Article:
METHYL ETHEL Haunting season

Since beginning as a humble bedroom recording project back in 2014, Perth’s own Methyl Ethel and the art-pop auteur behind the moniker, Jake Webb, have continued to grow before our eyes into one of the most innovative and consistent bands in Australia, if not the world. Now, following the release of popular singles Neon Cheap, Matters and Proof (ft Stella Donnelly), Methyl Ethel are gearing up for the release of the highly anticipated fourth album they’ve been lifted from, Are You Haunted? when it comes out this Friday, February 18 on their new label home Future Classic. Ahead of bringing the new tunes to the stage at European Foods Warehouse on Friday, February 25 as part of Perth Festival 2022, MICHAEL HOLLICK spoke to Jake Webb about developing his craft in Perth, the role of artists in society and how it culminated in this new release.

Congrats on the release of your new album! We’ve been fans for a long time…do you have memories of X-Press Mag growing up?

Starting out, playing music, you would flip straight to the back and see if anyone wrote a review of it. It was totally a thing. And I just remember, it was either clearly someone who was just at the bar while you were playing, and would say played this song and this song; and you hadn’t played either of those songs. And I have no problem with that, that’s just part of it (laughs). Or just being ripped into, which is also really good.

Looking backwards again, who were the local Perth artists that you looked up to as you were staring out?

The local artists who gave me that first real inspiration were the sort of pre-psych rock bands. There were loads of more experimental-pushing groups like These Shipwrecks, Apricot Rail and Taco Leg. All these musicians and groups were trying something different, sitting on floors, like in a gallery, not a traditional venue. Real art student kind of shows. They really made me feel like I could have been anywhere in the world, be it London or Berlin or New York. And straight out of high school, all of a sudden it was right there and I didn’t need to leave Perth. That was an important part of what I loved about the music and those bands.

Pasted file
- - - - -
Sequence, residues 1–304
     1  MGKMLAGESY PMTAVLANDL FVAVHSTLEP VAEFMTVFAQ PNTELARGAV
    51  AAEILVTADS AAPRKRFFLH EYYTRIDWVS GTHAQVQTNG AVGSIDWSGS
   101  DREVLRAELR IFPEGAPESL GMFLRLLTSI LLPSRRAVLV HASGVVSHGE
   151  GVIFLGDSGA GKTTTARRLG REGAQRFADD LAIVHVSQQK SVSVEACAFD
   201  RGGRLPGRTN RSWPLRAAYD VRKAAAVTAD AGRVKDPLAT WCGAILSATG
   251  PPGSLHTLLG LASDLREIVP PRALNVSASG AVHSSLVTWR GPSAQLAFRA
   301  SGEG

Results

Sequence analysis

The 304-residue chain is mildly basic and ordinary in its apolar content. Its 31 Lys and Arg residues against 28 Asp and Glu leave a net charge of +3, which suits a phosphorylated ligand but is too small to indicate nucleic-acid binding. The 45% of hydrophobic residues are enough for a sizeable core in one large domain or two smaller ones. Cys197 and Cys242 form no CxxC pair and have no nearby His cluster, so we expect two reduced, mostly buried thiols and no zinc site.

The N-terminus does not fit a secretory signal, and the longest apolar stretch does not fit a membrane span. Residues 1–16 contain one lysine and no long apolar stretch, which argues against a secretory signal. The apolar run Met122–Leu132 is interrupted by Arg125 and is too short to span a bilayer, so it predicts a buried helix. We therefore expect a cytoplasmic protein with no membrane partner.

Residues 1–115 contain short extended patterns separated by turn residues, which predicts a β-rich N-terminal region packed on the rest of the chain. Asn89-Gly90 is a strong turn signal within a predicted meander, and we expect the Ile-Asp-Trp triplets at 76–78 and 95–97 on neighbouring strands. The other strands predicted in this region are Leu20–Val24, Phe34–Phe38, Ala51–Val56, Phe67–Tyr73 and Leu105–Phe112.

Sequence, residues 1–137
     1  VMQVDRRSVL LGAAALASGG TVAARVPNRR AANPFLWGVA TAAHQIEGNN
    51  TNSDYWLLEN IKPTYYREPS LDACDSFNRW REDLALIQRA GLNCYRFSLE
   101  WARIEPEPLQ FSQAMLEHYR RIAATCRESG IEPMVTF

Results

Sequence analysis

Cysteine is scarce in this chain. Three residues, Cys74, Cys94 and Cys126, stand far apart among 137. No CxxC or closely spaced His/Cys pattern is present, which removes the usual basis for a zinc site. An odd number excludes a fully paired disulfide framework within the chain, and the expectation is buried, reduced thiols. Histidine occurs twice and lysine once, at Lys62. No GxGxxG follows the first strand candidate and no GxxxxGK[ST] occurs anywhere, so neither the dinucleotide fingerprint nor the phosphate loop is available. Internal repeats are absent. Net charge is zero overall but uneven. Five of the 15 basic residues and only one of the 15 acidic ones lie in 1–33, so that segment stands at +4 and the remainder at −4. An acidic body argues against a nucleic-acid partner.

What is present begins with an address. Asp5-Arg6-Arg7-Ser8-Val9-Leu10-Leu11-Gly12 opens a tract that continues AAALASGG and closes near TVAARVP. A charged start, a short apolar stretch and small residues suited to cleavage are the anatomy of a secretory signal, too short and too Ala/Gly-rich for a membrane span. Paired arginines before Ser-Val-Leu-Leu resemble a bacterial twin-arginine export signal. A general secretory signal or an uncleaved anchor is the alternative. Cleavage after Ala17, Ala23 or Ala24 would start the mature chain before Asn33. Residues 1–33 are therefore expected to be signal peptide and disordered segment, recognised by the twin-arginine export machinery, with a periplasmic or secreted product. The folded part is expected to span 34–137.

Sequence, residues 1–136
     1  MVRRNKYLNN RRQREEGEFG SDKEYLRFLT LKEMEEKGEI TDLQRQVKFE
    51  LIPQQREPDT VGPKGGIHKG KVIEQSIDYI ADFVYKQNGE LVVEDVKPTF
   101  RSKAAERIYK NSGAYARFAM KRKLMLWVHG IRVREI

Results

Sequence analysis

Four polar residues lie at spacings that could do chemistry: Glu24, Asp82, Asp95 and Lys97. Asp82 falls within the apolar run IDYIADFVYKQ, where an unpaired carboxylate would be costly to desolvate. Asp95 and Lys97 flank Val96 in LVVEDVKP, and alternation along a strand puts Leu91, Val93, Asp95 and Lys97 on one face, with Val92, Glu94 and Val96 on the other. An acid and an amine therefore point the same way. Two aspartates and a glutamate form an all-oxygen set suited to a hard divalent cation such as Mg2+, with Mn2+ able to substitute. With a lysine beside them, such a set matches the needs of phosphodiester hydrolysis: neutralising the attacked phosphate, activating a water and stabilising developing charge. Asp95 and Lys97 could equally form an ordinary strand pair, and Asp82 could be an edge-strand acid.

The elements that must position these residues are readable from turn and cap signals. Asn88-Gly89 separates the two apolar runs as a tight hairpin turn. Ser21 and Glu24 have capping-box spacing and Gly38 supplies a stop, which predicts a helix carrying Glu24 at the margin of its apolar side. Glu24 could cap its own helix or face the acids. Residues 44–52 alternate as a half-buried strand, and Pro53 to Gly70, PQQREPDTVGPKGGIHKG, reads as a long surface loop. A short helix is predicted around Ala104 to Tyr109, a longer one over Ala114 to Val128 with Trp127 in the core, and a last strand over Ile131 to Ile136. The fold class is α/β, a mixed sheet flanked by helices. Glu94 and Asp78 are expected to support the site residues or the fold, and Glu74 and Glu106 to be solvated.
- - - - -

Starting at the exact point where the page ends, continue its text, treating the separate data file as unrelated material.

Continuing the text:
Methyl Ethel didn’t have the traditional start that many Perth bands do playing gigs to get their name out there. Why was that?

Part of the genesis of this project (Methyl Ethel) was that I didn’t want to play any shows. I was over just playing every weekend and playing in a band was just a bit like hanging out with mates. And no disrespect to those mates or those days, but the beginning of this project was very much about me not giving a shit about what others thought. I’m just going to make stuff that I like, put it out there, for me, as an outlet, and that’s it. And then people were interested and I was convinced to do more. And then it slowly started growing and it just keeps on living. Which is really good. And now I am here. And I am doing it full-time. And I love making things.

Did you think, particularly growing up in Perth, that being a full-time musician or artist was an option?